Plaintiffs argue that the information about RSA would have led to a more "complete and accurate" understanding of the stock as an investment option. The information about Old Second transferring client assets to RSA is information that plan beneficiaries could have used to decide whether it was prudent to keep investing in Old Second. By failing to disclose this information to the plan beneficiaries, defendants prevented plaintiffs from access to all of the information which plan beneficiaries would have needed to know in order to decide whether or not to keep investing in Old Second stock.

In Count II, plaintiffs allege that Beach breached his fiduciary duty of loyalty by failing to disclose to plan participants that "he had lost faith in the future of the bank" and was acting to "further his own interests" by starting another company to compete with Old Second while he was still the manager of the plan. Defendants do not dispute that Beach was involved in conduct to further his own financial interests during the period of time he was the plan's manager. Defendants do contend Beach's failure to act did not occur while performing his fiduciary functions. For a fiduciary to have breached the duty imposed on him by 29 U.S.C. § 1104(a)(1), there must be either an intentionally misleading statement, or a material omission. Hecker v. Deere & Co., 556 F.3d 575, 585 (7th Cir. 2009). Beach was serving on the Retirement Committee at the same time that he was contemplating leaving Old Second and taking its customers and employees. Plaintiffs' claim that Beach breached his fiduciary duty when he failed to disclose to plan beneficiaries both the company's client asset restructuring and that he was leaving Old Second to compete in the same industry, is plausible because the information which Beach failed to disclose to plan beneficiaries could have led plan participants to make different decisions concerning investing in Old Second Stock.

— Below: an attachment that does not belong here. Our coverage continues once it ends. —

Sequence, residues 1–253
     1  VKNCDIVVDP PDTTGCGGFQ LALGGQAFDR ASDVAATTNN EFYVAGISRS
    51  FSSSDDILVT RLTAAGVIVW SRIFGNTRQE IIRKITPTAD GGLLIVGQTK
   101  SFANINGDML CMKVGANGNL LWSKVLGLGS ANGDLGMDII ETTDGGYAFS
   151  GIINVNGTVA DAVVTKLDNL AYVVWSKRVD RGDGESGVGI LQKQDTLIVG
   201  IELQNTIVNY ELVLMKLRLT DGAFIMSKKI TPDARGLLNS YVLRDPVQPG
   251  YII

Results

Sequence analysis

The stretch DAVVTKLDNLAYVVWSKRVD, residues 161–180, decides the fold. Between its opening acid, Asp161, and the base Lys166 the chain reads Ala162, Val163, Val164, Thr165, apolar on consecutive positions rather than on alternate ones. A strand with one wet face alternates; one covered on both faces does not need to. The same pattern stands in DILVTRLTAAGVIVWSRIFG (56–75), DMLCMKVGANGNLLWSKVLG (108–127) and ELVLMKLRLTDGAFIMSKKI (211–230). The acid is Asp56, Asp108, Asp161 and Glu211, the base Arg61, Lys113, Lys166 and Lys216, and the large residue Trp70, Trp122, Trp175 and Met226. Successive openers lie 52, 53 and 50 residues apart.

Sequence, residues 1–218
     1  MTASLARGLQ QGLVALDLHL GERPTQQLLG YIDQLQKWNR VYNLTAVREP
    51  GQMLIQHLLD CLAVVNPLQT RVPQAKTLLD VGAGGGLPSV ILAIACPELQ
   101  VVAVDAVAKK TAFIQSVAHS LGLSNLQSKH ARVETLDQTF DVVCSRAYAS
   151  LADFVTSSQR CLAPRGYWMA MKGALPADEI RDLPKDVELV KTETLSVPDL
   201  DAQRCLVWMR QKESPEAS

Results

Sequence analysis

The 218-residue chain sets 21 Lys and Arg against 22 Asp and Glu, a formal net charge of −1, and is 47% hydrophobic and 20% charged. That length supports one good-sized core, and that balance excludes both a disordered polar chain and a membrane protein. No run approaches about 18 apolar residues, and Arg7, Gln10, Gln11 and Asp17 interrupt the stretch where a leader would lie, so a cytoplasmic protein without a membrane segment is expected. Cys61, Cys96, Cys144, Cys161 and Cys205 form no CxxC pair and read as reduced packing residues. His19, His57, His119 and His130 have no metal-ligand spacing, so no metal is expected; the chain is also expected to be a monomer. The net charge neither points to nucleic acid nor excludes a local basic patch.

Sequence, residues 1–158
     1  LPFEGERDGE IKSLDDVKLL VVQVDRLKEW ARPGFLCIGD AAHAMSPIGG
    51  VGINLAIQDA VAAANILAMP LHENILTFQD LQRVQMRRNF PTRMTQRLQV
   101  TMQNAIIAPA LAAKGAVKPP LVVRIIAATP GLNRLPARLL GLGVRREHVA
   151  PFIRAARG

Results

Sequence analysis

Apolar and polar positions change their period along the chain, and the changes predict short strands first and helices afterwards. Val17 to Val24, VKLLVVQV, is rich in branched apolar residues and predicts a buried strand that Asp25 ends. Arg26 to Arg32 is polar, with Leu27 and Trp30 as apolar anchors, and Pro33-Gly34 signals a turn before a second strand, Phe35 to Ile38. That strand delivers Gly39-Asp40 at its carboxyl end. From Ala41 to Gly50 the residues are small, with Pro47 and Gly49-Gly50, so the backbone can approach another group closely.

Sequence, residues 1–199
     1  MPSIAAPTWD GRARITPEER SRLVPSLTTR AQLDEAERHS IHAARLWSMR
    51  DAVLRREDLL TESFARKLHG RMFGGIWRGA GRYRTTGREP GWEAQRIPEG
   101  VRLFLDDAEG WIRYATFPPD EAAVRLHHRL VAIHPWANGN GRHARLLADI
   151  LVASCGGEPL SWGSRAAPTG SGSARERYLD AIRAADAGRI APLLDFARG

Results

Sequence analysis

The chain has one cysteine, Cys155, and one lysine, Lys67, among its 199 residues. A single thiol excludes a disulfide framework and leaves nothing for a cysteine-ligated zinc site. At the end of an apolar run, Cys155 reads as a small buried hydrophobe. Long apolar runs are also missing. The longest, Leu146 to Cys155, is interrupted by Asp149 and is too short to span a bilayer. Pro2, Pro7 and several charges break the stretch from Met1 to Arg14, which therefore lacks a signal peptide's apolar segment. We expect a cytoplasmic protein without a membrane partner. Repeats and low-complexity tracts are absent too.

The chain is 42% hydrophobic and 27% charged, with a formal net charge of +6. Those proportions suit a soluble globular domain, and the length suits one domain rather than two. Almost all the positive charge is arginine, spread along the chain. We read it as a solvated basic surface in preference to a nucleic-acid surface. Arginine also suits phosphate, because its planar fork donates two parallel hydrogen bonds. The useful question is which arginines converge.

Furthermore, ERISA imposes a duty on trustees "to avoid placing themselves in a position where their acts . . . prevent their functioning with the complete loyalty to participants demanded of them as trustees." Donovan v. Bierwirth, 680 F.2d 263, 271 (2nd Cir. 1981). It is not unreasonable to conclude that Beach may not have been promoting the interests of the plan's participants when he was involved in a competing business venture with the bank at the same time he was responsible for decisions which "must be made with an eye single to the interests of the participants and beneficiaries." Id.

Defendants contend that Count III should be dismissed if Counts I and II are dismissed. However, because Counts I and II are not being dismissed, Count III will not be dismissed.

ORDERED: Defendants' motion to dismiss plaintiffs' second amended complaint is denied.

ENTER:

GEORGE W. LINDBERG Senior U.S. District Judge

20121102